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Vatican Confirms Secret Meeting Between Pope and Kentucky Clerk Kim Davis

Vatican Confirms Secret Meeting Between Pope and Kentucky Clerk Kim Davis

Photos: Jeon Han (left) and ABC News

Francis reportedly gave Davis a rosary and thanked her for her courage. 

After a papal visit celebrated for calls of tolerance and inclusion, it has now been revealed that Pope Francis took time out of his very full schedule to hold a private, secret meeting with thrice-divorced right-wing darling, Kim Davis, according to the New York Times. On Tuesday, Davis's lawyers released a statement describing the encounter between the Catholic leader and the Kentucky clerk who was jailed after a federal judge found her in contempt of court for refusing to fulfill her constitutional oath to marry same-sex couples. Today, Vatican officials confirmed that the meeting did indeed take place. Matthew D. Staver, Kim Davis's attorney, says that they will soon have photos to share.

Staver says that Davis and her fourth husband, who were in Washington, D.C., to receive an award from the Family Research Council, snuck into the Vatican embassy for a 15 minute meeting with the Holy Father. Davis disguised her appearance by changing her hairstyle for the occasion. Speaking with ABC News, Davis described the events:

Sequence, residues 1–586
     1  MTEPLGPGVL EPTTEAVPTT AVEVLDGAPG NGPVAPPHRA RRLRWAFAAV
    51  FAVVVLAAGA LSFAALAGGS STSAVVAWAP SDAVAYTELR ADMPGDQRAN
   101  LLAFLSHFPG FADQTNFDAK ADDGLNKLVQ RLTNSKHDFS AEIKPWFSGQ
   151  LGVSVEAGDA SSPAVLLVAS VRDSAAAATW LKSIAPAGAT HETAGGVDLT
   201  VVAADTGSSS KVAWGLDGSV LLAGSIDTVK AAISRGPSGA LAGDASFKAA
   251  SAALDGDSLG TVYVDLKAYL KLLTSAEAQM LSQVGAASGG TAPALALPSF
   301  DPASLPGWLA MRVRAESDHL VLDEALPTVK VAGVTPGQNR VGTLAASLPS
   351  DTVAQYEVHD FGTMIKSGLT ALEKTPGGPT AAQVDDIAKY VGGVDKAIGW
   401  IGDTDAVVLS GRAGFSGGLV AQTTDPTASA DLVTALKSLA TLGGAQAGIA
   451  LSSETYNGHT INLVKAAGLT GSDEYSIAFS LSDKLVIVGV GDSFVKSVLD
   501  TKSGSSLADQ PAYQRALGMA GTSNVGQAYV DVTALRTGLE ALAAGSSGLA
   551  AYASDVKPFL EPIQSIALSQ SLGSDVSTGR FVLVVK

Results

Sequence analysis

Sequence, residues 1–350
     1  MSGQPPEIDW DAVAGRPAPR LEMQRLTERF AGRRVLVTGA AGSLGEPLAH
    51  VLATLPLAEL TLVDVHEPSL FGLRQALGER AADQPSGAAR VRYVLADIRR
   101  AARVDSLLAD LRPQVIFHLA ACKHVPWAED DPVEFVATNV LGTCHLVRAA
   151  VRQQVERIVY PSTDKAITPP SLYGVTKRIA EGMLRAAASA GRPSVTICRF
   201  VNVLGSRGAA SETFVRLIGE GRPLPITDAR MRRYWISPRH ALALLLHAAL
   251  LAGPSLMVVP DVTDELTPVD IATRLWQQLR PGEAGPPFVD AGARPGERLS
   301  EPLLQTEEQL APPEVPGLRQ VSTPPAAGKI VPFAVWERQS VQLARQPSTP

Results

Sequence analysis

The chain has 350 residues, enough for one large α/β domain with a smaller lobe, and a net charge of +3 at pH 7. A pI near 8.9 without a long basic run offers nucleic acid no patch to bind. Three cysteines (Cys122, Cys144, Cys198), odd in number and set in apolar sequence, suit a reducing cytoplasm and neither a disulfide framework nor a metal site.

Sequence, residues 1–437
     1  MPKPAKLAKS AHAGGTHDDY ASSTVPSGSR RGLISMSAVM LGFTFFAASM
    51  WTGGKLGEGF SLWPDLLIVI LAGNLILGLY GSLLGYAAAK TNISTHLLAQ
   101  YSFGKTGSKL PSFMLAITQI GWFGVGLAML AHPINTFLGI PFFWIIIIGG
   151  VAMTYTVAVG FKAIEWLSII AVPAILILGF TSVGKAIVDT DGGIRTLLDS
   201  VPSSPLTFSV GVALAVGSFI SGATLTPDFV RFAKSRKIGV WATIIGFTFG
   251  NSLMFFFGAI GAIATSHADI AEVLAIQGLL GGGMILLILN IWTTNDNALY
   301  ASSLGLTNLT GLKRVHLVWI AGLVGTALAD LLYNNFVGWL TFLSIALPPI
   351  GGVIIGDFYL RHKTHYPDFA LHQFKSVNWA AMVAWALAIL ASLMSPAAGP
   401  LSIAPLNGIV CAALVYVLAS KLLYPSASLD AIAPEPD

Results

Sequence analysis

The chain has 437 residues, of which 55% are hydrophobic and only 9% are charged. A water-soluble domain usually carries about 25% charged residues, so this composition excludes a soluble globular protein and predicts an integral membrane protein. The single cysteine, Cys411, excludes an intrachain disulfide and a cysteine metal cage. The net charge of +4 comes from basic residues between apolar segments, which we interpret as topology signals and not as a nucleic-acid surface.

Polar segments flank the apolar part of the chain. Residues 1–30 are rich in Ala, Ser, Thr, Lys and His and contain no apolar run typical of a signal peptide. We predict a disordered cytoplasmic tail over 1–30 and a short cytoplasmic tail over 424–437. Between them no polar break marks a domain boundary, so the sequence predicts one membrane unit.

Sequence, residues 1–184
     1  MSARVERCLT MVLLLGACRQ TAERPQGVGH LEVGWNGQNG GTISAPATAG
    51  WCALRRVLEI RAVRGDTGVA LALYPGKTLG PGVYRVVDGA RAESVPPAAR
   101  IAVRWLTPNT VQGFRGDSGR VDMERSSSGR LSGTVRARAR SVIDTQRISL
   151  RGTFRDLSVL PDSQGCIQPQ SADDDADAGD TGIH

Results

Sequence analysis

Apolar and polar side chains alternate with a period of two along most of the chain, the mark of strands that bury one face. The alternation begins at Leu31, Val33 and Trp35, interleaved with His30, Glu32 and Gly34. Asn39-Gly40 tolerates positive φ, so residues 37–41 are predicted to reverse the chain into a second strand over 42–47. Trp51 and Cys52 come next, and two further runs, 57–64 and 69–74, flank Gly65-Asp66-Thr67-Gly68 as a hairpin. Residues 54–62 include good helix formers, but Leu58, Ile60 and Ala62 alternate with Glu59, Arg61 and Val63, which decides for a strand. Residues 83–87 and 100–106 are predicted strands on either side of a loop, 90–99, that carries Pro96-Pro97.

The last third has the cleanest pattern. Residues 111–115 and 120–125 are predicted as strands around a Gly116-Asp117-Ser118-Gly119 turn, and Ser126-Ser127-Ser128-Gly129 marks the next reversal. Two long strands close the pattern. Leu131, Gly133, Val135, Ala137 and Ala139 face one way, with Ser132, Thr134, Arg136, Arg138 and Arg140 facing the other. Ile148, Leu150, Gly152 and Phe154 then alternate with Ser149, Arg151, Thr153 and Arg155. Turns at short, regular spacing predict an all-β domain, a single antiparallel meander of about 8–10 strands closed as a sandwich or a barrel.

"I put my hand out and he reached and he grabbed it, and I hugged him and he hugged me. And he said, 'Thank you for your courage.' I was crying. I had tears coming out of my eyes. I'm just a nobody, so it was really humbling to think he would want to meet or know me."

Pope Francis then presented her with two rosaries, which Davis, an Apostolic Pentecostal Christian, gave to her Catholic parents. Davis then asked the Pope to pray for her, which he promised to do, before asking her to pray for him in return. Staver says that the meeting was kept secret until Pope Francis left the United States because "we didn't want the pope's visit to be focused on Kim Davis." On the plane back to Rome, Francis said that the right to conscientious objection is a human right, thereby supporting Davis without explicitly referring to her.

Since assuming the supreme position in the Catholic Church in 2013, Pope Francis has kept LGBT advocates on their toes, offering hopeful signs, such as his "who am I to judge" comment, only to be underscored by anti-gay efforts, like his call for Slovakians to vote against a referendum on marriage equality. Therefore, while disappointing, given the decision to have openly gay Mo Rocca to open his Madison Square Garden mass, such sobering news is not surprising.

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